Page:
Kedi is a new documentary seemingly about street cats in Turkey. However, director Ceyda Torun goes so deep, she opens her storytelling to offer insight into many other issues, as well. For instance, the treatment of animals opens a window into understanding societal values. Early in the documentary, there seems to be a consensus about the feral cats. In Turkey, the consensus is that this is not a problem. In fact, the people who participate in the documentary show a human side that is welcoming, inquisitive and caring towards these animals. This is indeed, a rarity, especially for a non-democratic country.
Kedi’s narrative itself is filled with loving touches. Torun angles the camera towards the cats and their many caretakers with varied perspective, showing that each one is unique, with a specific personality. The long takes and close-ups make the viewer connect to these characters and wonder what it would be like to meet them. Torun takes the quotidian out of this equation and turns these streets and its inhabitants into beautiful beings.
As Torun invites individuals to talk about the street cats they each take care of, one theme becomes evident: not only is there a lot of care and love for these street cats but also an admiration for how free they are. Although different perceptions about the lives of these cats abound, freedom is a constant. Appreciating the beauty of life, such as it is, is another constant. For instance, during one of the long takes of the streets of Istanbul, the voice of an old man rises as he explains that not being able to enjoy the cats is akin to not being able to enjoy the simplicity and beauty of the little things. It is in the appreciation of everyday beauty that one can find happiness.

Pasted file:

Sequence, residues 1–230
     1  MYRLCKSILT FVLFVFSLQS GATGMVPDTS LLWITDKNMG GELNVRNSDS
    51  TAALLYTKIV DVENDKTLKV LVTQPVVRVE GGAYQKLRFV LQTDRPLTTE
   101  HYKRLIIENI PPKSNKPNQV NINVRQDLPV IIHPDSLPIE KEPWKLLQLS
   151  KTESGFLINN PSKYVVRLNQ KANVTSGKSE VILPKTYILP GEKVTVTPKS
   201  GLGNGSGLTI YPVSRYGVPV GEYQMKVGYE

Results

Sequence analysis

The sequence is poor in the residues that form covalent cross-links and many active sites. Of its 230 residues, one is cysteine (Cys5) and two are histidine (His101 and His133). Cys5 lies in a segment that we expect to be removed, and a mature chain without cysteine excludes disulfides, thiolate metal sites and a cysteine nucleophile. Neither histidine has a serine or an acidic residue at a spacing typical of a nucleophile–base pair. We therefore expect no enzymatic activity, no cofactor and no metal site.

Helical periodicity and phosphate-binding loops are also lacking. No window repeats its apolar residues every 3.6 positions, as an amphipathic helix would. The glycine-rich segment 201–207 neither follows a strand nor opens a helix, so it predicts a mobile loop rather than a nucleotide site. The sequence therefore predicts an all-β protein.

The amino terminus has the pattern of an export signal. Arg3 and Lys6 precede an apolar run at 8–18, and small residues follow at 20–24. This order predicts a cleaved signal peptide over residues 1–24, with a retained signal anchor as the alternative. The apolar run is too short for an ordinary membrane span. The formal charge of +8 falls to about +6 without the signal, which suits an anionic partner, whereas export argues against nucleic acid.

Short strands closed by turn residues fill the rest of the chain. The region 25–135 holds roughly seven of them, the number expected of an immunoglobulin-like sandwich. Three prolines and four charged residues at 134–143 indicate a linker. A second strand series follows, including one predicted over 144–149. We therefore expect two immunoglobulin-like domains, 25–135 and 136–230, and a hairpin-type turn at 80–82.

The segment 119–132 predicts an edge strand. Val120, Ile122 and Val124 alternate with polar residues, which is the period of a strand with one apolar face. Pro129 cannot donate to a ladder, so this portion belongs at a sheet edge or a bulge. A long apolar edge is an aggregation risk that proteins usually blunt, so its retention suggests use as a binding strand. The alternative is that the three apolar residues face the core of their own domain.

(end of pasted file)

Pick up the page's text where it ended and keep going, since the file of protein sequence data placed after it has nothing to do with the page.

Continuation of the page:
There are plenty of meditative moments like that throughout the film, where different characters share their feelings about cats and what their lives are like, with a hefty dose of anthropomorphizing. During another vignette a young woman wearing a burka explains that she appreciates the delicate elegance of cats. She mentions how not having options in her attire leaves her with a challenge of experiencing and celebrating her own femininity in her everyday life. She longs for that balance between individuality and femininity that she projects onto these street cats. She is no doubt struggling, as we can hear it in her voice. Yet, it might be easier to share freely these thoughts through the idea of a cat.
One of the many cinematographic strategies that Torun employs to elicit sympathy is keeping the hand-held camera low to the ground. As she traverses the streets of Istanbul with ease, we either follow the cats or get a glimpse of their perspective though the maneuvering of these streets. What is interesting here are the narratives that emerge around the cats. Whether or not you find yourself a cat or animal lover, this documentary has something to offer, as its self-reflective narrative explores some of the elements that we as humans value in life. It is a simple rumination of the power of community that touches on more complex issues of a satisfaction with life.
Kedi runs 79 minutes, is in Turkish with English subtitles and is not rated. It opens in our South Florida area this Friday, March 3, at O Cinema Wynwood, the Bill Cosford Cinema, the Classic Gateway, the Living Room Theaters, Movies of Delray and Movies of Lake Worth. It later arrives to the Miami Beach Cinematheque on March 17. A screening link was provided by Oscilloscope Laboratories for the purposes of this review.